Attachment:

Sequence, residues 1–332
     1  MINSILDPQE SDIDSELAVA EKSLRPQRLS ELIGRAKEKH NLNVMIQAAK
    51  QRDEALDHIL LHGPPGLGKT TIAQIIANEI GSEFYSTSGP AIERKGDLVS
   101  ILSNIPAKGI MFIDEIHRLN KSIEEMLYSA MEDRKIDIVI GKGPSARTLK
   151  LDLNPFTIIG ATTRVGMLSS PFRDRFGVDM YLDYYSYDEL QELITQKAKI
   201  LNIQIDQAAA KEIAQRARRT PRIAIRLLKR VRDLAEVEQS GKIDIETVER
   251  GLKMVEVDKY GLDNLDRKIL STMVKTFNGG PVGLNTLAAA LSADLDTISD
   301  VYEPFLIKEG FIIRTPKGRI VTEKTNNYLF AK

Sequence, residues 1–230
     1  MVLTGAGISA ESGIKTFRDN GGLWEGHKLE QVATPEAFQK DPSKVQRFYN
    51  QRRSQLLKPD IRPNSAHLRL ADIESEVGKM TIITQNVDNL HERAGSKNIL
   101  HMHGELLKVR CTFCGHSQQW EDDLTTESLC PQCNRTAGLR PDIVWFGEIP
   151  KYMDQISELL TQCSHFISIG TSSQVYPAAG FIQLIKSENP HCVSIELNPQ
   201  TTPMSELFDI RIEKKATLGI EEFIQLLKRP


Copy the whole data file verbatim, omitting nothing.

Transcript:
Sequence, residues 1–332
     1  MINSILDPQE SDIDSELAVA EKSLRPQRLS ELIGRAKEKH NLNVMIQAAK
    51  QRDEALDHIL LHGPPGLGKT TIAQIIANEI GSEFYSTSGP AIERKGDLVS
   101  ILSNIPAKGI MFIDEIHRLN KSIEEMLYSA MEDRKIDIVI GKGPSARTLK
   151  LDLNPFTIIG ATTRVGMLSS PFRDRFGVDM YLDYYSYDEL QELITQKAKI
   201  LNIQIDQAAA KEIAQRARRT PRIAIRLLKR VRDLAEVEQS GKIDIETVER
   251  GLKMVEVDKY GLDNLDRKIL STMVKTFNGG PVGLNTLAAA LSADLDTISD
   301  VYEPFLIKEG FIIRTPKGRI VTEKTNNYLF AK

Sequence, residues 1–230
     1  MVLTGAGISA ESGIKTFRDN GGLWEGHKLE QVATPEAFQK DPSKVQRFYN
    51  QRRSQLLKPD IRPNSAHLRL ADIESEVGKM TIITQNVDNL HERAGSKNIL
   101  HMHGELLKVR CTFCGHSQQW EDDLTTESLC PQCNRTAGLR PDIVWFGEIP
   151  KYMDQISELL TQCSHFISIG TSSQVYPAAG FIQLIKSENP HCVSIELNPQ
   201  TTPMSELFDI RIEKKATLGI EEFIQLLKRP